High Country Baking: Sweet Cherry Tart | SummitDaily.com

High Country Baking: Sweet Cherry Tart

A pretty desert with a sweet cherry filling and swaddled in a rich shortbread crust, this sweet cherry tart can put a delectable brightener into even the worst of winter days.
Vera Dawson / High Country Baking |

Sweet Cherry Tart

Make in an 8-inch tart pan with a removable bottom


1 ¼ cups bleached all-purpose flour, spoon and level

2 tablespoons superfine granulated sugar, preferably Baker’s

¼ teaspoon salt

7 tablespoons unsalted butter, cold

1 large egg yolk

½ teaspoon vanilla extract

½ teaspoon lemon juice

2 ½ -3 tablespoons ice water


½ cup chopped dried Bing cherries

1-2 tablespoons berry/cherry liqueur, cherry juice or water

¾ cup thick cherry preserves

½ teaspoon finely grated lemon peel

¼ teaspoon almond extract

2 tablespoons chopped pistachios or flaked almonds


1 egg yolk

1 tablespoon cream

1-2 tablespoons large grain granulated sugar


1. Make the crust: Grease the bottom (not the sides) of your tart pan and set it aside. Combine the flour, sugar and salt in the bowl of a food processor and pulse to blend well. Cut butter into 28 pieces, add, and pulse until coarse crumbs form. Whisk the yolk, vanilla, lemon juice and 2 ½ tablespoons ice water in a cup measure until combined and add to mixture. Pulse until dough forms large, moist curds; if needed, add a little more ice water. Dump out onto a sheet of waxed paper and gently knead until smooth. Form a 6-inch disc with three-fourths of the dough and a 3-inch disc with the remaining dough. Cover both discs and refrigerate or freeze them until firm and easy to roll. Roll the larger disc into a 10-inch circle and use it to line the tart pan. Put pan, covered, in the freezer until dough is very firm. Roll the remaining disc to a 1/8-inch thickness and use a cookie cutter (dip in flour to prevent sticking) to create cut-outs for the tart top. Refrigerate the cut-outs, re-roll the dough scraps, make and refrigerate more cut-outs. If, at any time in the process, the dough gets soft and hard to work with, return it to the refrigerator or freezer to chill until firm.

2. Place a heavy cookie sheet on a rack in the lower third of the oven and preheat it to 375 degrees.

3. Making the filling: Combine the chopped dried cherries and liqueur in a small bowl, toss so all cherries are coated with liquid, cover with plastic wrap, and microwave at high temperature for about 15-20 seconds, until the fruit softens, absorbs some of the liquid, but doesn’t cook. In a medium mixing bowl, combine them with the preserves, lemon peel, and almond extract and stir vigorously with a silicone spatula to loosen the preserves and combine the ingredients. Spread the filling evenly in the cold crust, and sprinkle the chopped nuts over the top. Place the dough cut-outs decoratively on top, leaving some of the filling exposed.

4. Make the glaze: Blend the yolk and cream, brush over the dough cut-outs, and sprinkle sugar on top.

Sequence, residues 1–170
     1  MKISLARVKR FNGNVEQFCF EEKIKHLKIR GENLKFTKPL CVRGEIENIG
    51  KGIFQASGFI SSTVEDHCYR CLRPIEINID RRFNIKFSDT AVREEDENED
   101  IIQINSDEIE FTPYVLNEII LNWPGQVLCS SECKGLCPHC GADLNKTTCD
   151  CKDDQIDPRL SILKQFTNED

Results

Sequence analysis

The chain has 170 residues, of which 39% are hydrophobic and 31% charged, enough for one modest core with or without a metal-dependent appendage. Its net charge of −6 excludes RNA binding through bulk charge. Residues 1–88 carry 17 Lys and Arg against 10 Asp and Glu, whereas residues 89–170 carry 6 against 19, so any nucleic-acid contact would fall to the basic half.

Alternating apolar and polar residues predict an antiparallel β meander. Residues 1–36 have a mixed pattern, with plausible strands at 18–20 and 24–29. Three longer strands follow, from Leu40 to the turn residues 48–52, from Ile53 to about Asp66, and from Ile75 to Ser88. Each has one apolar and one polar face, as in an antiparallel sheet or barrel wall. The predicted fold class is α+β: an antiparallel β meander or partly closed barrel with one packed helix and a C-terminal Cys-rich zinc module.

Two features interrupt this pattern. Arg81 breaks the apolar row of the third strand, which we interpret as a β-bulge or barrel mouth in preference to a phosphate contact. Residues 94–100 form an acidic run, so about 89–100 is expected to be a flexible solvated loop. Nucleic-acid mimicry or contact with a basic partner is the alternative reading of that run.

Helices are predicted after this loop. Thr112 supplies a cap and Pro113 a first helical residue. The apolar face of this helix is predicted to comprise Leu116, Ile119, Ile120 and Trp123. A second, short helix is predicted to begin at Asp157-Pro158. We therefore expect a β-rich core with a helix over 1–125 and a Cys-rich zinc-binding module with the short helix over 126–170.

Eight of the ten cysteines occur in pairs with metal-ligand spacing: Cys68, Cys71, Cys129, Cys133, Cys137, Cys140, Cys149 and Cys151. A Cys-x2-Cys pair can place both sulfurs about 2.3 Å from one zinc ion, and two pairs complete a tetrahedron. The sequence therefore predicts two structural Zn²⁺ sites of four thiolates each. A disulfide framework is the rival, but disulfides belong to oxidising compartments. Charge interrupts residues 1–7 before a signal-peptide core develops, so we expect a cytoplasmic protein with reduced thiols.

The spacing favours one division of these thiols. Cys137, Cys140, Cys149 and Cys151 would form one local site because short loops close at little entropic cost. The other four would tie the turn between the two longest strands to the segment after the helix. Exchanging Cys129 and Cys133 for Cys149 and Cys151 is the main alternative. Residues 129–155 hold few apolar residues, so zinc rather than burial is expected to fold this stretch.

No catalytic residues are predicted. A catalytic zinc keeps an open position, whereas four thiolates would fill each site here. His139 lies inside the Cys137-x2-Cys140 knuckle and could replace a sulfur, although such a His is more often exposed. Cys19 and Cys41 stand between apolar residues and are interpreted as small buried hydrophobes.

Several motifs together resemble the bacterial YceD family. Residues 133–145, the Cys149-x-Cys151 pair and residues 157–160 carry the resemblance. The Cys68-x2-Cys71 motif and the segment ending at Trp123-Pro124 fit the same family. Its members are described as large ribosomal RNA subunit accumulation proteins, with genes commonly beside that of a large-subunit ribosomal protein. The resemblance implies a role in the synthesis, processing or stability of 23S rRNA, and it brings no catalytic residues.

5. Place the tart on the heated cookie sheet in the oven and immediately reduce the temperature to 350 degrees. Bake until the filling bubbles thickly and the crust and cut-outs are golden, this takes from 35-45 minutes. Cool completely on a rack and serve, or refrigerate, loosely covered. The tart cuts most easily when chilled but should be served at room temperature. Store leftovers for up to 3 days in the ‘fridge.

— This is a variation of a recipe published in Bon Appetit Desserts.

Editor’s note: High altitude make cookies spread in the pan, cakes fall and few baked goods turn out as they do at sea level. This twice-monthly column presents recipes and tips that make baking in the mountains successful.

Got the tired-of-winter blues? This pretty dessert might help chase them away. It’s a thin tart with a sweet cherry filling swaddled in a rich shortbread crust that’s guaranteed to add a little cheer to almost any day.

No fresh fruit is required, just high-quality cherry preserves and dried cherries. The preserves provide most of the tart’s taste, so use one you find pleasing and make sure it’s thick, or the filling could be runny when the tart is sliced.

Chop the dried cherries into small pieces, a quarter-of-an-inch or less in size so you get several in every bite. To increase their flavor and soften the dried fruit, soak them in berry/cherry liqueur or juice (try crème de cassis).

The decorative dough cutouts are made with a cookie cutter and can be almost any size and shape.

To use a 9-inch tart pan, increase the filling ingredients to 1 ½ times what’s listed in the recipe (i.e., ¾ cup Bing Cherries, etc.).

Vera Dawson is a baking instructor and author of the high-altitude cookbooks Cookies in the Clouds and Baking Above It All, available at The Bookworm in Edwards, and Next Page Bookstore in Frisco. Her recipes have been tested in her Summit County kitchen and, whenever necessary, altered until they work at 9,000 feet altitude. Contact her at veradawson1@gmail.com.

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